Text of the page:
Featured Post

Healthcare Customer Satisfaction: More Talk AND More Action

Healthcare Customer Satisfaction: More Talk AND More Action Customer satisfaction (Voice of the customer) is a recurrent th...

Monday, December 1, 2014

Competition and the Quality Partner dynamic



In 2011 I introduced into our Certificate Course the concept of medical laboratory Quality Partners to remind the participants that the laboratory is never alone when it comes to developing an shaping a quality managed laboratory.  [see http://www.medicallaboratoryquality.com/2011/06/more-musings-on-quality-partners.html ].  I created a definition for these Quality Partners as the network of organizations that develop and promote and provide services and assistance with the goal of supporting an effective laboratory foundation that is conducive of better patient safety and care.  The network includes Accreditation Bodies, Proficiency Testing Schemes, Education Providers, Professional Organizations, Materials Suppliers (including equipment and reagent bodies), and Standards Development Organizations.  These bodies surround the laboratory and provide documents and guidance and education, and assessment and support.  Taken as friends, these groups can help defray (mitigate) most of the risk of error that laboratorians bear when providing essential information that has direct impact on patient care and patient safety.  

But about a year or so later, I realized that I had left out an essential quality driver… the Public and its representatives including the media, the regulators, and the legislators.  As we have seen throughout many developed country, when the public experiences what it perceives as a loss of trust in the health system, change will inevitably result.  In the United States, that loss of trust resulted in CLIA.  In Canada it lead to a series of public enquiries including the Krever Commission and the Cameron Commission, both of which forced dramatic change.  We may not like the results of all the media attention and consequent change, but an angry public will always have its way.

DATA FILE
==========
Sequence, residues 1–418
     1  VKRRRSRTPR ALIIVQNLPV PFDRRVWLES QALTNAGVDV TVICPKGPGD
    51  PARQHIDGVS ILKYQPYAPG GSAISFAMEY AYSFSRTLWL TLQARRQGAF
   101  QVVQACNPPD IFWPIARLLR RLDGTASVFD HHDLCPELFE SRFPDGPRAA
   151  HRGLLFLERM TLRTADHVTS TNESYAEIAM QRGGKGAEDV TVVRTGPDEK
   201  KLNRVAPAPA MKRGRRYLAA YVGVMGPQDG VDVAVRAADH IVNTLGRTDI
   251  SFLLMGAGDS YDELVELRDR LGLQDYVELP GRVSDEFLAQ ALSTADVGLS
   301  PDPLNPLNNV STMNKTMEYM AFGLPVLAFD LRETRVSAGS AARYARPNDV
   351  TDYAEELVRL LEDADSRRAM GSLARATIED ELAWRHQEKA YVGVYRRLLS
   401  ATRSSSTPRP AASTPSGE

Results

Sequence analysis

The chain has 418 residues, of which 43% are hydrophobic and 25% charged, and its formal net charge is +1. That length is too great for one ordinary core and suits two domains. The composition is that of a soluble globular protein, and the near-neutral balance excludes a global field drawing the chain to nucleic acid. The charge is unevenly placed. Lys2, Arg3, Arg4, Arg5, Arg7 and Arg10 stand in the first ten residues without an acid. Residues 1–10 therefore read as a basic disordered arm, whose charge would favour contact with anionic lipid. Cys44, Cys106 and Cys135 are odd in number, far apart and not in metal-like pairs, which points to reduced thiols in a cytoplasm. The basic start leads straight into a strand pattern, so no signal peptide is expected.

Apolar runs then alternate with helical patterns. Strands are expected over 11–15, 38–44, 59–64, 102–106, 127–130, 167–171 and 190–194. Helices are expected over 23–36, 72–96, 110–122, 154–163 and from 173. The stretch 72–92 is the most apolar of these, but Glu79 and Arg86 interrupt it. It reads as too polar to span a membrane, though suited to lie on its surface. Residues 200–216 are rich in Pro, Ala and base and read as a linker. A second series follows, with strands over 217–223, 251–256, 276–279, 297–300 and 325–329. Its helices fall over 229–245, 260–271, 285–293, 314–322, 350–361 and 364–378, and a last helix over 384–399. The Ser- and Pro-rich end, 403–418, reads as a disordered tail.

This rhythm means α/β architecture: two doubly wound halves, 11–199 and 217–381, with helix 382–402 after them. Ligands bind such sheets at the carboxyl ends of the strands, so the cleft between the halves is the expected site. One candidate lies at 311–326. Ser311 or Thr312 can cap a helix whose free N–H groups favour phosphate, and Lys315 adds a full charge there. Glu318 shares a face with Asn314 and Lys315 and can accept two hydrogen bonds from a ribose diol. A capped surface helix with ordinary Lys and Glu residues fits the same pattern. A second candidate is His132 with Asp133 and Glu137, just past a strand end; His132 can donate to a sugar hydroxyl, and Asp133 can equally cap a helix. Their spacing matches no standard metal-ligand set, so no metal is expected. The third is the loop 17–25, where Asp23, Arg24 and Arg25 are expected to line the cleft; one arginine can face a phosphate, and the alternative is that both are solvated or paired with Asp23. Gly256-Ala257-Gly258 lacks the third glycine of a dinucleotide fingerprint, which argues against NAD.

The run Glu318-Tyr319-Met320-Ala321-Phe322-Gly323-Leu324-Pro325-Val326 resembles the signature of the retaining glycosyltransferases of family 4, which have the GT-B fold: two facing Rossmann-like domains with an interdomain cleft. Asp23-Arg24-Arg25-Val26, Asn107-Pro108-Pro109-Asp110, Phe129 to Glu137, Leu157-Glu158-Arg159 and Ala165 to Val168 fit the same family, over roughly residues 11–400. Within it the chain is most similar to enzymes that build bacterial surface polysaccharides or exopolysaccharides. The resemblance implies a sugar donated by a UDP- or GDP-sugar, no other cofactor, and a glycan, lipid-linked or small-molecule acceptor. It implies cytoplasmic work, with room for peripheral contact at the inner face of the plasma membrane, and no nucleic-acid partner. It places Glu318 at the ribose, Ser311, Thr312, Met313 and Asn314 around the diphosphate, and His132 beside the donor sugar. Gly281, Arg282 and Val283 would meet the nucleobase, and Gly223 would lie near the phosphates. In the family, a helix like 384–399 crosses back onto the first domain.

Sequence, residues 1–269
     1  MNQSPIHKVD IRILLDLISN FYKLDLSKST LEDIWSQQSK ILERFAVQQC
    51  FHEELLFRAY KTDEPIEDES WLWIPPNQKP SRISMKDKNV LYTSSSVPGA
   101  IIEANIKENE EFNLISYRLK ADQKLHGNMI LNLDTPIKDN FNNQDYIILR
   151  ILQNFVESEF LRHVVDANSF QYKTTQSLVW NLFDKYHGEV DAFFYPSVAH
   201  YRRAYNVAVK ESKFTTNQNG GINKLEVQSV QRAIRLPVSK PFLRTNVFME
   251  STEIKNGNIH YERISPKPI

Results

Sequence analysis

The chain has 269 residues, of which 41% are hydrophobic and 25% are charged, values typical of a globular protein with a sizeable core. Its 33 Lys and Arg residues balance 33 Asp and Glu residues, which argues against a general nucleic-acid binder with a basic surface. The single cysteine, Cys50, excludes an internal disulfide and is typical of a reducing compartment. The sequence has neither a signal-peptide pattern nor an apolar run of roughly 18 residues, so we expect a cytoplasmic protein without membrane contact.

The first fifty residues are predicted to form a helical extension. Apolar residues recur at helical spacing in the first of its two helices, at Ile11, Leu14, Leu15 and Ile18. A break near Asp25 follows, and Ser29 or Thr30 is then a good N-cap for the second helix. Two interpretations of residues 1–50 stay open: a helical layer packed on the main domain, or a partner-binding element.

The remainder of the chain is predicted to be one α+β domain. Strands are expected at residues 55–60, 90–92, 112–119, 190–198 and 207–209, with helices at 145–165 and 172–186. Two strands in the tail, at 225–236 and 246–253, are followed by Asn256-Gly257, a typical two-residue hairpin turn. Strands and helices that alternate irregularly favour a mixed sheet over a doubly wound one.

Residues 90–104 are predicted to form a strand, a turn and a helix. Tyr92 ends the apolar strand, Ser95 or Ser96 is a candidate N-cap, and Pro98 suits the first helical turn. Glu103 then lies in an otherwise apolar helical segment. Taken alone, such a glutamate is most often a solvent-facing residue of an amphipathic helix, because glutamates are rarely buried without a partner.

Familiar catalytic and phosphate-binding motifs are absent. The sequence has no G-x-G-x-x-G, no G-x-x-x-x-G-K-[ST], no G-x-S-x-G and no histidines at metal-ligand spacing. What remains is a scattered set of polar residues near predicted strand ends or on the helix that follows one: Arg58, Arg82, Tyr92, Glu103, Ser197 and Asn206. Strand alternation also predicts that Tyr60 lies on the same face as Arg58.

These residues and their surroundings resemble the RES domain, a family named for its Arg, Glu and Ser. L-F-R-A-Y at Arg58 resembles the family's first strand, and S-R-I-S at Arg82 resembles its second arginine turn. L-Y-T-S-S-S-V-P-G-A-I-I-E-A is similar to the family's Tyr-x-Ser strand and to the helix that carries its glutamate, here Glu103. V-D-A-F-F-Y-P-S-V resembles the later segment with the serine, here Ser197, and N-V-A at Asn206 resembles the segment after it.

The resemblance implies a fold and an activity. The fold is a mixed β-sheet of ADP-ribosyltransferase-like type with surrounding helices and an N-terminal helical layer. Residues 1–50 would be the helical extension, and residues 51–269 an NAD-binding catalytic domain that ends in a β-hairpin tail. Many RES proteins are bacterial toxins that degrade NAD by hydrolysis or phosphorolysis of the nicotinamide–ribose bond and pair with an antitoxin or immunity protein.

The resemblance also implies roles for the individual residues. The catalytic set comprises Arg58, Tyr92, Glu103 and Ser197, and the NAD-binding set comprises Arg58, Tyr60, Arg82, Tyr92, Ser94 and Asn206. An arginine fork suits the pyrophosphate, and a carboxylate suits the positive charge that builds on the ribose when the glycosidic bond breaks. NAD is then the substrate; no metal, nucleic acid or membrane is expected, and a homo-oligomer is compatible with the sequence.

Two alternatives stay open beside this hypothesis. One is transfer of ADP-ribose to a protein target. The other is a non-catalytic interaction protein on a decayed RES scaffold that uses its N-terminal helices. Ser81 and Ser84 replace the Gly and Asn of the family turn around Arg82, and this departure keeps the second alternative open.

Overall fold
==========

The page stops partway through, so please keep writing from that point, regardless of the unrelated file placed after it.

This lead to a revision of the Quality Partner graphic which indicates the light of public scrutiny exposing the potential warts and blemishes of laboratory error.
But recently I have realized that there is another driver that has great impact on Quality.  Competition.  I have written about this before.  Unfortunately we have lots of examples that indicate that when an organization has an endless supply of customers, with essentially no threat or consequence to counteract indifferent behavior, then performance may sink to the lowest level.  

I have mentioned before, the performance of some (but not all) public servants and other organizations.  When left to their own devices, it seems to become all to easy to stop meeting the Crosbyan and ISO definition of Quality. i.e. Meeting Requirements.  

Over the last while I have been on the road a lot, putting in a lot of air travel.  In the last few weeks I have spent well over 50 hours sitting in economy section seating, as airplanes have flown nearly 30,000 miles.

Now I understand that airlines are all now public corporations, with their primary responsibility being to generate profit and benefit to their shareholders.  And I also understand that running an airline is a risky and costly venture.  There is an old adage that says, the easiest way to become a millionaire is to start as a billionaire who runs an airline.  The reality is that while some airlines at the moment are experiencing a rise in stock value, this is not likely to be a permanent state of affairs.  Sooner or later, most airline companies will lose their value and their investors will lose their money.